Use of over-the-counter laxatives by community-dwelling adults to treat and prevent constipation: a national cross-sectional study.

Springer Science and Business Media LLC
Publication Type:
Journal Article
European journal of clinical pharmacology, 2020, 76, (7), pp. 1003-1010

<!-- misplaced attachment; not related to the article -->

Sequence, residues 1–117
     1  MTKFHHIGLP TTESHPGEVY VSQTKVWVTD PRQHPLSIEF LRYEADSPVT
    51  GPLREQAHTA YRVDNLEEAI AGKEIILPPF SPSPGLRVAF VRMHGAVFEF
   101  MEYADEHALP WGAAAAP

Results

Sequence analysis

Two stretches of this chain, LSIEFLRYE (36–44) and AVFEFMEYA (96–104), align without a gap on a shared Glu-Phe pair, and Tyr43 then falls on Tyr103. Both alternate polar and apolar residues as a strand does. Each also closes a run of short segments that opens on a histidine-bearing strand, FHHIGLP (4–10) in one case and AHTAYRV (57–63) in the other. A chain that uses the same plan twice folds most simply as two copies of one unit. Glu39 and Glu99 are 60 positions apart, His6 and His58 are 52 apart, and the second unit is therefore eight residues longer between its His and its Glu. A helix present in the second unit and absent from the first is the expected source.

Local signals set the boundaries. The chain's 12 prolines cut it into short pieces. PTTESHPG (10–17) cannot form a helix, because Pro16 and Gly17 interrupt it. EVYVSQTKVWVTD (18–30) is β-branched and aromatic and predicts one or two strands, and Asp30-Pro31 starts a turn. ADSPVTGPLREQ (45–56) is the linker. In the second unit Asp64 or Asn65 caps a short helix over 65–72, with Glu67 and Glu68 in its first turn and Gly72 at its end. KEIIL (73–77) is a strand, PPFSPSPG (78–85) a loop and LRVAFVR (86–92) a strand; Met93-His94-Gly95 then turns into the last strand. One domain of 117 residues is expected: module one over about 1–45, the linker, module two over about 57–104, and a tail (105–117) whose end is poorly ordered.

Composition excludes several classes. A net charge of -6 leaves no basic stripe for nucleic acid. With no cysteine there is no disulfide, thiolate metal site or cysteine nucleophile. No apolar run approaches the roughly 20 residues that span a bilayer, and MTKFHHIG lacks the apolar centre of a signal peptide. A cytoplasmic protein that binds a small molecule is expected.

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PURPOSE:Constipation is commonly self-managed with over-the-counter laxatives. The study aim was to explore laxative choice, healthcare professional recommendations in laxative selection, and laxative effectiveness when laxatives are used for treatment and for prevention of constipation by community-dwelling adults. METHODS:A nationally representative sample of community-dwelling adults in Australia was surveyed. Participants completed an online questionnaire. Z tests for differences in proportions were used to compare the proportion of laxatives by class when used either for treatment or for prevention of constipation by choice of laxative, healthcare professional recommendation, and perceived effectiveness. RESULTS:The questionnaire was completed by 2024 participants. Laxatives were used by 37% (n = 747) of participants with 31.3% using laxatives for treatment, 19.3% for prevention, and 49.7% using laxatives for both purposes. The most common laxatives used for treatment and prevention were contact laxatives (39.8% and 31.1% respectively) and bulk-forming laxatives (34.3% and 44.6% respectively). Of all laxatives used, 56.4% of laxatives were chosen with healthcare professional recommendation, and 53.5% of laxatives were found effective. CONCLUSION:Laxatives were used both for treatment and for prevention of constipation. However, laxatives are often perceived to be ineffective and healthcare professionals are not always involved in laxative choice. Modified guidelines which address the use of laxatives for both treatment and prevention, and increased healthcare professional involvement in appropriate choice and use of laxatives, may be required to improve constipation management in the community.
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